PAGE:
No. A3C didn’t break anybody. It was the grind that they had, the amount of shit that they did to get to where they were. They caught us at the right time. We were part of the ascension, part of the plan, and they used us right. We’re a platform. If you jump off in the right direction, we can help your career. We can be a building block. We can be a foundation. It really is about connecting with people digitally now. I’ve seen people watch artists perform. Then find them and manage them or sign them. That still happens. There’s a personal connection that happens in a performance that doesn’t happen on the internet. In that sense, it can be really important.
Performance is the key to a hip-hop artist. Performance is secondary to a lot of rappers. Some artists are like I’m a performer and you can tell, and I’ve seen that from JID. I’ve seen that from Kenny Mason, EarthGang, a lot of other artists. We did a show with Kap G and I think a couple of A&Rs were in the room and there was a connection like “Who is that dude?” It’s cool to see that. But, are live performances the foundation of blowing up? Probably not. It’s probably music videos, it’s what you do. A lot of it is what you can't control and some of it is what you can control.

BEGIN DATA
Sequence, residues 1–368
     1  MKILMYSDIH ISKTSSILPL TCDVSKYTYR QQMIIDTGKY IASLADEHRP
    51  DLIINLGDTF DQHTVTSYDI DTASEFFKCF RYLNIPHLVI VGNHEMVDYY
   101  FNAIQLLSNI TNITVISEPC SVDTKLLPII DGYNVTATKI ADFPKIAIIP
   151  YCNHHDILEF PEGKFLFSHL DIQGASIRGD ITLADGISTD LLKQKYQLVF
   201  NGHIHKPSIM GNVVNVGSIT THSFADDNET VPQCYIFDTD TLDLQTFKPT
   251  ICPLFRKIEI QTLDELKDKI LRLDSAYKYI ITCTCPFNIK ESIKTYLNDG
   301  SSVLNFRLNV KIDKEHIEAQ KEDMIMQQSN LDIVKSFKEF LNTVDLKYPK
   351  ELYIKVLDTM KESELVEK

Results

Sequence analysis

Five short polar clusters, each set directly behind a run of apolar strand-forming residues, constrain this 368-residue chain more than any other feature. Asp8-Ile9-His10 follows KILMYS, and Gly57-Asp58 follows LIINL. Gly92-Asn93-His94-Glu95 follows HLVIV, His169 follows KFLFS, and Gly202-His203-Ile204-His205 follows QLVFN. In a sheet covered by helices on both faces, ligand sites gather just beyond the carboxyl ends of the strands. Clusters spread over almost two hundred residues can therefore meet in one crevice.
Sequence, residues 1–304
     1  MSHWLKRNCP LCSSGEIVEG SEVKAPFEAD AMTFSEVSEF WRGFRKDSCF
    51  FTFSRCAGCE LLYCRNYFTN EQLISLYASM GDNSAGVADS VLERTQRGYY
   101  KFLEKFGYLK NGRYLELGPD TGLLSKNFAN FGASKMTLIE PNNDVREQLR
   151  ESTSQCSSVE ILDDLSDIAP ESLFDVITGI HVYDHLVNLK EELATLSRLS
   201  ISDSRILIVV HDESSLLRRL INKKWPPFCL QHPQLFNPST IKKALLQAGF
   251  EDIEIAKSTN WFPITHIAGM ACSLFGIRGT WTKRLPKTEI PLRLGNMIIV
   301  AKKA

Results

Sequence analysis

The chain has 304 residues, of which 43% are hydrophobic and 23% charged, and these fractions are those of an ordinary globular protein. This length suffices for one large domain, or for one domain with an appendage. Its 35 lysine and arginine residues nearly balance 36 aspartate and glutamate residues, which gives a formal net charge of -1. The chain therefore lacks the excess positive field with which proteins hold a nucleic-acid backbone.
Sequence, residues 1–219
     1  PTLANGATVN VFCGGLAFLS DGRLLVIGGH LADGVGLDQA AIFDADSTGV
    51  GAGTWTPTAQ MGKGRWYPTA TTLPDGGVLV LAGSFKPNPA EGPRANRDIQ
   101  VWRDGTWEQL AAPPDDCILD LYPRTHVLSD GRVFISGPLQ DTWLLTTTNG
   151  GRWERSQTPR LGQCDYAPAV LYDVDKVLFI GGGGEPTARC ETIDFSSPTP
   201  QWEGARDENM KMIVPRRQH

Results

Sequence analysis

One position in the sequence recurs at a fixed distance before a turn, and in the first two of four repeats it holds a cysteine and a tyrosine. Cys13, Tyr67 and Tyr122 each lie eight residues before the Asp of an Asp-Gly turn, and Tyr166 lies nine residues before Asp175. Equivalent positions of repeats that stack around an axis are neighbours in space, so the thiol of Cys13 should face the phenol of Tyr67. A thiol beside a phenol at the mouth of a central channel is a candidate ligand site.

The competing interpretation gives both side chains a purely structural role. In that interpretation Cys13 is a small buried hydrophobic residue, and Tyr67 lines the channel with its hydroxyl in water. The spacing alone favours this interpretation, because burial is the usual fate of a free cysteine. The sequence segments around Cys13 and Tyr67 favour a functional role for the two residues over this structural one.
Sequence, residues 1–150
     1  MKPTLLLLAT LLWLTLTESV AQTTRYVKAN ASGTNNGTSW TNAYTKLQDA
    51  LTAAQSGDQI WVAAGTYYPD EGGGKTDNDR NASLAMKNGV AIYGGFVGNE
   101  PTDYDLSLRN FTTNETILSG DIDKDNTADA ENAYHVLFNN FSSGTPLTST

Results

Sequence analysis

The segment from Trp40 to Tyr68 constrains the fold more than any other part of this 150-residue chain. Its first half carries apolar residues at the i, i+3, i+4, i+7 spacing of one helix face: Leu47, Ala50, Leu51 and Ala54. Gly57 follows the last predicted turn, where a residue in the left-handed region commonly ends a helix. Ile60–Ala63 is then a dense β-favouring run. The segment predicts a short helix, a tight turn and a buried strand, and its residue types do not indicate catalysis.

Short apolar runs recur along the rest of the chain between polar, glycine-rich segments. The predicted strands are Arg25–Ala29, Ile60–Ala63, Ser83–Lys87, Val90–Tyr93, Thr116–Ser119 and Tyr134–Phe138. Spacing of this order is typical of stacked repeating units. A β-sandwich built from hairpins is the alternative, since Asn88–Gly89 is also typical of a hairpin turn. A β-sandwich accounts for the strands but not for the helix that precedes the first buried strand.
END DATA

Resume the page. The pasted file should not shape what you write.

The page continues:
What is the best advice for artists attending A3C to make the most of the experience?
A lot of people overemphasize their performance. Wake up early and go to bed late. Shake as many hands as you can and be authentic. Don’t start with who you are. There’s a little bit of that but really try to connect with folks while you’re here because that will change your life.
After the panels and workshops, what is the next frontier?
It’s a combination of continuing to build and bring in different industries and coalitions. We traditionally have been a music festival. Yeah, there were conversations about tech, but what if the film and gaming industry were there as well? Artists and music are the foundation of culture itself. You need the artist. You need the music, It’s the vibe and feel. If we can bring the film community, the gaming community the fashion community, the sports community under this umbrella then not only are those communities going to benefit by connecting with folks that probably don’t connect with, we think that everyone is gonna win.